Another navigation strategy is selecting attack points. These are fairly obvious features/locations that you can travel to quickly and without a careful following of your compass bearing. This is the best strategy if the checkpoint isn’t on or near a large, distinct, easily identifiable feature. When you reach the attack point, you then establish an exact bearing and follow that into the checkpoint at a slower pace. Your accuracy in following the bearing decreases as the distance you travel increases so it’s better to seek out really large features you can travel too early on in your journey toward a CP rather than an exact bearing. If necessary, break a long leg up into several shorter sections between identifiable features, even if it means following a zig-zag course. You will cover a greater distance, but your travel will be faster and more accurate. This is extra important in overnight navigation.

The most common example of an attack point is a feature on or near a trail. This may be a “kink”, bend, intersection, a creek or gully crossing the trail, an obvious elevation change along the trail, or change in terrain type (e.g., moving from open ground to forest). You can move quickly along a trail, even if it’s more distance to the CP, and then at an obvious point along the trail, you take the bearing and venture off-trail toward the CP. For example, CP 31 at Seidman Park in our 2014 Epic Edition offers several potential attack points depending on whether you are coming from the south or the north.  The trail bends provide the most obvious attack points but you could also drop down in the reentrant/gully (orange) or valley (green). Other common attack points are water features such as lakes and swamps, hilltops, ridges, depressions, and man-made features (power lines, bends in roads, buildings).

Here’s an example of a lake that is a clear attack point along the way. You could try to maintain a direct route along your bearing from CP A to B but over this distance it will be difficult, especially if the bushwhacking is thick. Instead, head for Bullhead Lake with a quick bearing but no need to follow it exactly. You can move at as quick a pace as you can because there’s no fear of missing the lake. Once you see the lake below (you know from a past lesson that water features are almost always below the land surrounding them because of drainage), you can follow along the entire edge of the lake at a high speed before taking a bearing on the southwest side where you are much closer to CP B. From there, you’re pace should slow as you follow the bearing closely. You are so close to CP B that the accuracy of your bearing will be much greater.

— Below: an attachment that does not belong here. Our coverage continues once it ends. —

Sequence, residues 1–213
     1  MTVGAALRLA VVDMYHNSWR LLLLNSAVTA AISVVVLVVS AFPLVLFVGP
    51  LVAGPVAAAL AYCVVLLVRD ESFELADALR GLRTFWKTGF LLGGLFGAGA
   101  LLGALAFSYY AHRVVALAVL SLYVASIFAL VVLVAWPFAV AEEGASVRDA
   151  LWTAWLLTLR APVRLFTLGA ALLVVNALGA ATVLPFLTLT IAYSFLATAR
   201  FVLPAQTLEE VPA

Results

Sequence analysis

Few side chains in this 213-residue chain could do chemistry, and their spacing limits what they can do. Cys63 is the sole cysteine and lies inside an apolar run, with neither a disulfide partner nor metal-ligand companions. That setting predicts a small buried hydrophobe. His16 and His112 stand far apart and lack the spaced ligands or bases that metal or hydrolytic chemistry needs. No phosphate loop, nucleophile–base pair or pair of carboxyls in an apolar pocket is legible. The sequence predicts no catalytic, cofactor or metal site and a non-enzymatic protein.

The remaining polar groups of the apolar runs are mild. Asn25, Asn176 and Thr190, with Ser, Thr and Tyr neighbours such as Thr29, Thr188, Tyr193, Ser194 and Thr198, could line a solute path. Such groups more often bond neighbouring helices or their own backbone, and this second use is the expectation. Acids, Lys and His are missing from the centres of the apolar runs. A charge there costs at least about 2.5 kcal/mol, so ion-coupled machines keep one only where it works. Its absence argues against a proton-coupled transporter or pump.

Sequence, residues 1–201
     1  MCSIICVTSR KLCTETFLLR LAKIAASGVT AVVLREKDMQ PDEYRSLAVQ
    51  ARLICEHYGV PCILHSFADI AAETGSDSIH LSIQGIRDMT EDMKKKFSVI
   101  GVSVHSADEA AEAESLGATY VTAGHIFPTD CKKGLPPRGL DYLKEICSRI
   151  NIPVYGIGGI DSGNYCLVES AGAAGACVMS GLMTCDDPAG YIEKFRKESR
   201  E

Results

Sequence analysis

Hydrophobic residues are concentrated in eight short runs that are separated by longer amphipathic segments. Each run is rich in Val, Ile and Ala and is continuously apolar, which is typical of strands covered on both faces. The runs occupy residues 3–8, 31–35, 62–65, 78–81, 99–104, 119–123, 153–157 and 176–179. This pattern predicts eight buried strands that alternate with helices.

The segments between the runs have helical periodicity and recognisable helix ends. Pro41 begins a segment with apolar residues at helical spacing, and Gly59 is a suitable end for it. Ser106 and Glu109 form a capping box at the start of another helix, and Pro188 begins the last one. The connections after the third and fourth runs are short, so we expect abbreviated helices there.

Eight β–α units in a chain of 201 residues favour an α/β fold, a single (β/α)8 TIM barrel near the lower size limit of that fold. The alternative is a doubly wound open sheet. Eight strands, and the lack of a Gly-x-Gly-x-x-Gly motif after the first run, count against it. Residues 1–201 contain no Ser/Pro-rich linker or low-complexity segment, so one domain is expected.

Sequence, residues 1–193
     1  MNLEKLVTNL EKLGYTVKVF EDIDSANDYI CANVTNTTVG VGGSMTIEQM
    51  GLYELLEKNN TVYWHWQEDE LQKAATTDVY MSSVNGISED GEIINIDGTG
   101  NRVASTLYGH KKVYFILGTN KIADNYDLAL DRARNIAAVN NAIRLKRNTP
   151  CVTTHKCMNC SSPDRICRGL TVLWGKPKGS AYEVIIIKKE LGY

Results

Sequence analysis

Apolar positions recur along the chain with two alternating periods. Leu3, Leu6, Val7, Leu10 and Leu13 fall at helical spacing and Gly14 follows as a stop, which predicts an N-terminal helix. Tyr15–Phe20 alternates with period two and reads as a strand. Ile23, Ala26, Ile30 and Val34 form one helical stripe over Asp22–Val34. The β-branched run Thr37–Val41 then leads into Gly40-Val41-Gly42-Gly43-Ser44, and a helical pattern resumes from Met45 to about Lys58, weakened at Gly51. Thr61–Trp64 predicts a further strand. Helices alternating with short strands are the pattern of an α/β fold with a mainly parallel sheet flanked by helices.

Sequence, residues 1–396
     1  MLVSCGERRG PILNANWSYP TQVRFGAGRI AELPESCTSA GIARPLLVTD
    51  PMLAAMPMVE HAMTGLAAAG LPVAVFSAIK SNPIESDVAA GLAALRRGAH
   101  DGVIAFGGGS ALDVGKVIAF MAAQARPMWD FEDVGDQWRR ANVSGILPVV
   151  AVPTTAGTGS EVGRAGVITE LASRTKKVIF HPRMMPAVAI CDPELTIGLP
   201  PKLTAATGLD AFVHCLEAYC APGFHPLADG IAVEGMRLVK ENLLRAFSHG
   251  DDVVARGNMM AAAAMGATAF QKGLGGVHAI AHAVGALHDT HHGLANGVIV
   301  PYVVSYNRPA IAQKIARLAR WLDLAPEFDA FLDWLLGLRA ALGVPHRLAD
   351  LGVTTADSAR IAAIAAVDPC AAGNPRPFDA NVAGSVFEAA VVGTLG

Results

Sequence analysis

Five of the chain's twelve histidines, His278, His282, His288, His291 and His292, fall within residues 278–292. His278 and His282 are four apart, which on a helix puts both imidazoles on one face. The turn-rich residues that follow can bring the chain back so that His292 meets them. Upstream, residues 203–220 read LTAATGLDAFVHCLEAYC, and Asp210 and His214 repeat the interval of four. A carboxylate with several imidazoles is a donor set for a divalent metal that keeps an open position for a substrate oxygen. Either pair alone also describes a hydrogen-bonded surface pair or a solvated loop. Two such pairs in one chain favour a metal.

The ideal way to set up an attack point is to begin with the checkpoint (control), find nearby attack points, select the best attack point, and then pick the best route to that attack point. This is called the C-A-R method which stands for Control-Attack Point-Route, developed by Winifred Scott (in Squiggly Lines by Mark Lattanzi).  For long treks, you might do this several times where the “checkpoints” are really the series of attackpoints you are stringing together to get to the final checkpoint. For example, the southwest corner of Bullhead Lake above is the final attackpoint, the midsection of the lake is a prior attackpoint. If CP A were off the map to the north, the bend in the road just east of A could be an initial attackpoint. You are thus linking these three attackpoints together, working backwards from B. As you take on longer and longer adventure races, this skill becomes imperative. In the Wilderness Traverse in Canada, we would link 6-8 hours worth of attack points together through the wilderness before we finally reached the actual control or transition area.

Make Your Mountain Bike Faster

1. MOST BENEFICIAL: Switch tires to a semi-slick tread pattern (less pronounced knobs), depending on your experience and the difficulty and slickness of the trails you will be on. Ask your local bike shop what they recommend (West Michigan Bike & Fitness is great if one is near you)

2. Inflate tires to the maximum pressure allowed (easy)

3. Lock out your front shock if you have that feature (easy)

4. Get clip in pedals and shoes (good tip for any bike)

5. Move your seat forward and flip your handlebar stem upside down (get help doing this if needed) for a more aerodynamic posture. (probably not worth it)

6. Set up a bike tow system if one of you needs some help at times. This can be a HUGE time-saver if one of you bonks. It also can be dangerous to be tied together. Requires practice and caution, including “un-tying” on the fly which can result in the leash getting caught in the spokes of the “lead dog.”

Bike tow system

The #2 way (behind navigation) my wife and I have increased our speed during adventure races over the past few years has been to set up a tow system on our bikes. We use it on races with significant road and two-track biking. My wife still bikes hard, but I’m able to give her a much needed pull up hills and some help on the flat surfaces too. Search online for different options. We went with a heavy duty retractable dog leash. No joke! If you go this route, the most important thing to remember is that when the trailing biker unhooks, they must be very close before letting go of the rope so the carabiner doesn’t get caught in the back wheel! And don’t use it on singletrack trails or anything where control is tenuous.

Zip tie the leash to the seatpost, tie a carabiner to the end roughly 12 feet of rope (consider replacing the cord with climbing rope) and hook it to a bungee cord that’s attached to the stempost of the trailing bike.

photo 1  photo 3 photo 4